Westpac Share Price – Talk of the Town

  • Jun 04, 2020 AEST
  • Team Kalkine
Westpac Share Price – Talk of the Town


  • Westpac has undertaken a rigorous review in the wake of AUSTRAC claims.
  • New leadership is inclined to promote renewed culture in the bank.
  • Strengthening non-financial risk management remains a priority for management and a new role has been created to promote efficient non-financial risk management.
  • Employees and senior leaders are more accountable now than they were before.

Westpac Banking Corporation (ASX: WBC) has reported the results of its investigation into the compliance issues raised by AUSTRAC. These investigations were launched last year when the bank caught attention of markets as AUSTRAC revealed its statement of claim.

In light of the issues, the bank’s then Chairman and CEO stepped down from the positions. John McFarlane was appointed as new Chairman of the Board, and Peter King was appointed as CEO of the bank.

The Board has identified that AML/CTF risks were not adequately understood within the bank. There was a lack of accountability in managing the AML/CTF issues, and insufficient expertise and resource for the AML/CTF compliance.

General governance responsibilities organised by the Board were fit for the purpose, but the Directors could have recognised the level of financial crime faced by the bank much earlier. The escalation of financial crime to the Board was unintentionally incomplete and inaccurate, at times.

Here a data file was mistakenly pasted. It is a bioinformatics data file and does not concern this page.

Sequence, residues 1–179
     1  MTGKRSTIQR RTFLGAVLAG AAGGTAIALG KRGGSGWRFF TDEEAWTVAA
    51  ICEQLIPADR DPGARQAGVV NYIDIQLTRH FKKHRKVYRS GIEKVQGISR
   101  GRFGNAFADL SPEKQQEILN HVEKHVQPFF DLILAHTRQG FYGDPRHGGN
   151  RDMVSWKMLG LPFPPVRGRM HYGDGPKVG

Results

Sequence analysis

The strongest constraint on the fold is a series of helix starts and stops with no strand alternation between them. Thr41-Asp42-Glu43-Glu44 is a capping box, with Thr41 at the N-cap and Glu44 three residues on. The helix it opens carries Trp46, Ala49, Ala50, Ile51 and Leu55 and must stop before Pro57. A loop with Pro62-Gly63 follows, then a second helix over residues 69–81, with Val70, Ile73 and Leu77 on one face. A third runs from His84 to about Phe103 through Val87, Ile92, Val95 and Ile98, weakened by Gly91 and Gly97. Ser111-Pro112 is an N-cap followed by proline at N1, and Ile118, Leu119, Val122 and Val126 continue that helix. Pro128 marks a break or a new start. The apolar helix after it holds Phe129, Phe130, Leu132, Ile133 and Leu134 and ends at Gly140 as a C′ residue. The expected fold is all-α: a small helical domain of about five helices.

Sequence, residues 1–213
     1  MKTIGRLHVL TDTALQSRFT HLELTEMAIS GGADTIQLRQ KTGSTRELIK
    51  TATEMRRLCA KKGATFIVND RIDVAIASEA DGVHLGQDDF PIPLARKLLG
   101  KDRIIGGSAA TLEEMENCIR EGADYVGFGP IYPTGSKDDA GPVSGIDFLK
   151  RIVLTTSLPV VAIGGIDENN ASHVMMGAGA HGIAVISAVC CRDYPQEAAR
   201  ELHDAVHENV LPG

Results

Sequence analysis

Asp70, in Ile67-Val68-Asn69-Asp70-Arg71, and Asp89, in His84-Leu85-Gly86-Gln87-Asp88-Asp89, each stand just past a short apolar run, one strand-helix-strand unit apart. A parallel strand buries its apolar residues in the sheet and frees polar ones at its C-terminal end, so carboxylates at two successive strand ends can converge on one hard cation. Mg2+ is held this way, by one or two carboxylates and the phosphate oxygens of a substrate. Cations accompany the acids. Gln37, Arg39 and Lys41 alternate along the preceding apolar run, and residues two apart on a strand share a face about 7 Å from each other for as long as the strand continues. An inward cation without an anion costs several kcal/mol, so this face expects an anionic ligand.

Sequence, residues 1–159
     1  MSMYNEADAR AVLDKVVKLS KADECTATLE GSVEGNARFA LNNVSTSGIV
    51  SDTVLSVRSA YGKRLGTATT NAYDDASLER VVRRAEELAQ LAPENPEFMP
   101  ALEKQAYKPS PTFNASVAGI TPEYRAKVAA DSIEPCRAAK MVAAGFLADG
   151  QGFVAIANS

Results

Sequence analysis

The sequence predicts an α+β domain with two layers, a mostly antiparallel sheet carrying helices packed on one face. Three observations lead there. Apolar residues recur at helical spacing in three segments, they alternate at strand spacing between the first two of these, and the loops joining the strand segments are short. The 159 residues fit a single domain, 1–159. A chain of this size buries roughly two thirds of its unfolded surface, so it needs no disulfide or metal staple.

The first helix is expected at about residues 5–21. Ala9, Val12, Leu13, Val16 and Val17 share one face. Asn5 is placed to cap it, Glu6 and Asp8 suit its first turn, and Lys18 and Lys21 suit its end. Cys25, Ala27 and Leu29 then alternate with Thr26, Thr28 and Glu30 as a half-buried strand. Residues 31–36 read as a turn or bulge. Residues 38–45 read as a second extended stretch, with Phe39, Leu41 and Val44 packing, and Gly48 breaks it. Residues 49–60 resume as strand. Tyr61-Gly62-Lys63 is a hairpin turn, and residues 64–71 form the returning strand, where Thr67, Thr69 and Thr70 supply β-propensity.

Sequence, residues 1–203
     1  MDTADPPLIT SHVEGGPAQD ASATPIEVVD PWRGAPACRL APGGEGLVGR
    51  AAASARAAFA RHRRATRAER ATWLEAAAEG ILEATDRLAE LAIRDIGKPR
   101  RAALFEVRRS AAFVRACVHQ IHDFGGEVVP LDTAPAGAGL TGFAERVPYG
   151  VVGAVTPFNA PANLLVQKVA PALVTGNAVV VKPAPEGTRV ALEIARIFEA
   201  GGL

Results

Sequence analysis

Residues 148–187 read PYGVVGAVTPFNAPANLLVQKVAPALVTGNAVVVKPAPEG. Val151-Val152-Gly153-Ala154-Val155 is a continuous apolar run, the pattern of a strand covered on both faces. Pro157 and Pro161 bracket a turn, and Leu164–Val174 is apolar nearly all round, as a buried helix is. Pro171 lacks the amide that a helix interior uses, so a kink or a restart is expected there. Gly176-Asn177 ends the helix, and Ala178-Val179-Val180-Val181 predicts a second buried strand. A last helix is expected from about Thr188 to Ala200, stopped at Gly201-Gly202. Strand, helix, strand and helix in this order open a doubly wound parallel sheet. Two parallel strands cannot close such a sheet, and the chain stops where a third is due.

Leaders also looked past ten years to identify roots of the fault. As a result, individuals have faced significant disciplinary and remuneration actions, and a number of relevant staff has left the company as well.

Related: Westpac to Raise Capital Buffer in Wake of AUSTRAC Crisis

Mr King stated that around 38 individuals were slapped with remuneration actions, applied to prior year periods as well. This included blocking of short-term variable incentives in FY19, totalling ~$13.2 million.

Although there was no evidence of intentional wrongdoing, serious compliance failures had faults of omissions. The bank’s remediation plan emphasises on improving non-financial risk management in the business.

The Board has accepted recommendations of the Advisory Panel report that are being implemented and are well-advanced in the process. A new Board sub-committee has been formed to focus on compliance, regulatory and legal matters.

A new executive position for financial crime compliance was established and filled, while additional organisational changes were undertaken as well. Westpac has started its transformation program to implement a cultural change, and leadership expects no tolerance for preventable adverse events.

Mr King accepted that Westpac had failed to build capacities in some important areas, and financial crime risk culture was not up to the level of expectations. The bank would continue to engage on the legal process with AUSTRAC.

Related: The tale of Westpac Share Price; WBC Yielding 7.1%

Promontory has affirmed that the bank’s review of accountability for the failures was robust, backed by accurate facts and sound methodology to arrive at conclusions. It was noted the review was adequate to investigate AUSTRAC allegations. Information available with the review team was sufficient to develop a methodology for the review. Interviews taken by the review team were enough to identify the causes.